Global Street Design Guide

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Table of Contents

Global Street Design Guide

Local and Regional Contexts


Analyze who lives, works, and visits the area. Identify areas with high proportions of vulnerable populations such as seniors, children, people with disabilities, or those disadvantaged through other socio-economic factors.

Work with local constituents to ensure that a street project reflects and supports citywide goals and community priorities.


Analyze population densities, including the number of residents and concentration of jobs. Note their geographic locations and analyze trends and  projections to understand future change. Document the relationship of densities and access to collective transport.

Support investment in facilities for sustainable mobility to increase the capacity of the street and serve more people.

Prioritize projects that will impact the largest number of people or where the need is the greatest.

History and Culture

Local culture will impact the nuances of how communities use and relate to their streets.

Identify how local cultures, religions, and historically significant events inform how people behave in public spaces through specific rituals or activities.

Understand each project’s local context to ensure culturally appropriate community engagement processes and project outcomes.

Consider how activities such as markets, vendors, bazaars, cafés, and other cultural activities can enhance a sense of place.

Mix of Uses and Destinations

Identify the mix of land uses and map important destinations that attract large numbers of people, such as job centers, parks, cultural and educational institutions, waterfronts, schools, playgrounds, transit stations, and critical services.

Ensure street networks provide sustainable mobility options between communities and important destinations.

Design streets to serve and attract a diverse set of uses and activities, to enhance adjacent uses, and to become destinations in themselves.

Road Safety

Document existing speed limits, average speed traveled, and areas with high concentration of traffic crashes and fatalities.

Lower speed limits, reduce design speed, propose slow zones, and identify locations to implement traffic calming strategies. Create pedestrian-only spaces, shared streets, or transit malls in suitable contexts.

Public Health

Identify geographic areas with high concentrations of chronic diseases and related hazards such as air, water, or noise pollution, or unattended waste.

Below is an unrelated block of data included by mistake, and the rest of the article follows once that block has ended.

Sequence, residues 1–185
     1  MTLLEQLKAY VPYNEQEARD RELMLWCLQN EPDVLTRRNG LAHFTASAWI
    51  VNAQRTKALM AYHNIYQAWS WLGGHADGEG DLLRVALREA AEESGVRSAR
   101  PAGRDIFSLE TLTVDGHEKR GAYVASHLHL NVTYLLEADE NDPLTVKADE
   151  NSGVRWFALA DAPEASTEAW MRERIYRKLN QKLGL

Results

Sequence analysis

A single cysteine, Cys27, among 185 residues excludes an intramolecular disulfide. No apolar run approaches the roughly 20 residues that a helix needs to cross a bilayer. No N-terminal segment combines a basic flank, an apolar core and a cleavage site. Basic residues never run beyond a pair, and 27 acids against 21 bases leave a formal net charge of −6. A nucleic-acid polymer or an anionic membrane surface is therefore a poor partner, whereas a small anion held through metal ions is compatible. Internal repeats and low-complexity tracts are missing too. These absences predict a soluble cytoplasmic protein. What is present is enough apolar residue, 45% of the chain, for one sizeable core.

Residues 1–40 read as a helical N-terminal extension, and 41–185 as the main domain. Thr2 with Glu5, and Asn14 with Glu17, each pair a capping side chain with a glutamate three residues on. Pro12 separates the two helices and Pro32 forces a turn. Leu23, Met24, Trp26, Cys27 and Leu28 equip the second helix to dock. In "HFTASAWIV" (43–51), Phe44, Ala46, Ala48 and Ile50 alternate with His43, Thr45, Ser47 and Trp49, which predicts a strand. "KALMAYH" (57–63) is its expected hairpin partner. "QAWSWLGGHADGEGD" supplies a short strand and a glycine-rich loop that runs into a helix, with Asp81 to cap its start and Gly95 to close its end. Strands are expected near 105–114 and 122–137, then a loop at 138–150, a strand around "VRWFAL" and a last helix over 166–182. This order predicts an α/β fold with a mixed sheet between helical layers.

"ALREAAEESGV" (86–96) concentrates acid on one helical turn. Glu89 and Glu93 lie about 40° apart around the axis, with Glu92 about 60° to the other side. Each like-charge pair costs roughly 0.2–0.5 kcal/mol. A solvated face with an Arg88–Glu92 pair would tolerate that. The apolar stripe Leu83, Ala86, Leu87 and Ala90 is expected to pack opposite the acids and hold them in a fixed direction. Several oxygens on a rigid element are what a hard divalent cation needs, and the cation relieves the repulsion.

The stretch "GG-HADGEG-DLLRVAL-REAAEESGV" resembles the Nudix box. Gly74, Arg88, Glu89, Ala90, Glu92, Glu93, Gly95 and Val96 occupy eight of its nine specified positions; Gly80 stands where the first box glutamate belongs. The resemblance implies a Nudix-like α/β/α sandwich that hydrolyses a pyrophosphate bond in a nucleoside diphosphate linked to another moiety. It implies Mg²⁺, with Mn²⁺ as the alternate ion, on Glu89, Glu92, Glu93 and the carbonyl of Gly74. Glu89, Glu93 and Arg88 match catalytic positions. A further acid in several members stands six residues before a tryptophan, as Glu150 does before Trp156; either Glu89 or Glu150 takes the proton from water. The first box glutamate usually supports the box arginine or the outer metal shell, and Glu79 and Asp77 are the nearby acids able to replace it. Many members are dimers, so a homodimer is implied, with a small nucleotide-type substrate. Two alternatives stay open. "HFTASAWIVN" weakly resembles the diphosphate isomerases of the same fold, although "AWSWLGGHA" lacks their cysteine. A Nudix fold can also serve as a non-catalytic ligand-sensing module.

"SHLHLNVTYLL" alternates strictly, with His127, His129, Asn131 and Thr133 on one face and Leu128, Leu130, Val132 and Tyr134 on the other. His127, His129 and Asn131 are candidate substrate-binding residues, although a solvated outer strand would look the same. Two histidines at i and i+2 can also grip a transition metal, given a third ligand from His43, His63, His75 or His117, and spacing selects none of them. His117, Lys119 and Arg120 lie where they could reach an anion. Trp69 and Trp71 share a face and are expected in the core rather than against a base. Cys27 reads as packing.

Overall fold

Prioritize strategies that reduce pollution and promote clean and active modes of transportation. Designate freight travel routes that avoid residential areas. Ensure all neighborhoods are provided with street cleaning services and facilities, focusing especially on streets with high waste volumes.

Access and Mobility

Measure existing mode share, noting shifts at different times of the day and week. Identify areas that lack access to collective transport, cycle, and pedestrian infrastructure.

Design street networks to support desirable mode share goals. Prioritizing infrastructure investments that ensure walking, cycling, and collective transport are more enticing choices than private car use.

Promote car and bike share programs, develop pricing strategies, and manage networks to achieve desirable mode share targets.

Street Networks and Connectivity

Consider the existing and potential role of each street in the larger network. Note how and where networks for different modes of mobility overlap. Identify critical citywide or regional connections along specific corridors and determine how local needs change with context.

Plan, organize, and retrofit street networks to prioritize direct, safe, and convenient walking, cycling, and collective transport access and connectivity. Support connections between different modes of mobility by providing comfortable facilities at transfer points.

Block Sizes

Measure block sizes in the urban fabric and identify how these impact walkability.

Design new street networks to keep blocks small, promoting a walkable city that offers multiple route options.

Identify where large existing blocks can be broken down in scale with safe and well-designed paths and laneways to increase permeability and connectivity for pedestrians and cyclists.

When large blocks cannot be reduced in size, identify areas where mid-block crossings can increase permeability within neighborhoods.

Ecosystems and Habitats

Identify local ecosystems and areas of ecological importance to be protected and enhanced.

Ensure street networks avoid fragmentation of natural habitats. Support local ecosystems and foster biodiversity by constructing habitats within streets. Provide  connectivity through landscaped streets for fauna movement, seed and pollen dispersal, and plant migration.

Natural Disasters

Analyze climate and frequency of extreme weather events, noting areas vulnerable to natural disasters.

Plan local infrastructure and support services to manage droughts, heavy rains, and snow falls.

Consider renewable energy sources for street lighting and emergency services.

Identify strategies and materials to support resilience in areas vulnerable to natural disasters, and designate clearly communicated emergency routes.

Geographic Features

Document topography, water bodies, and other natural features to inform new or transformed street patterns.

Encourage street networks to follow natural topography and geographic features in order to avoid any adverse effects on natural resource areas. This can save costs on cut and fill, assist in stormwater management, and enhance a sense of place.

Adapted by Global Street Design Guide published by Island Press.

Immediate Context

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Immediate Context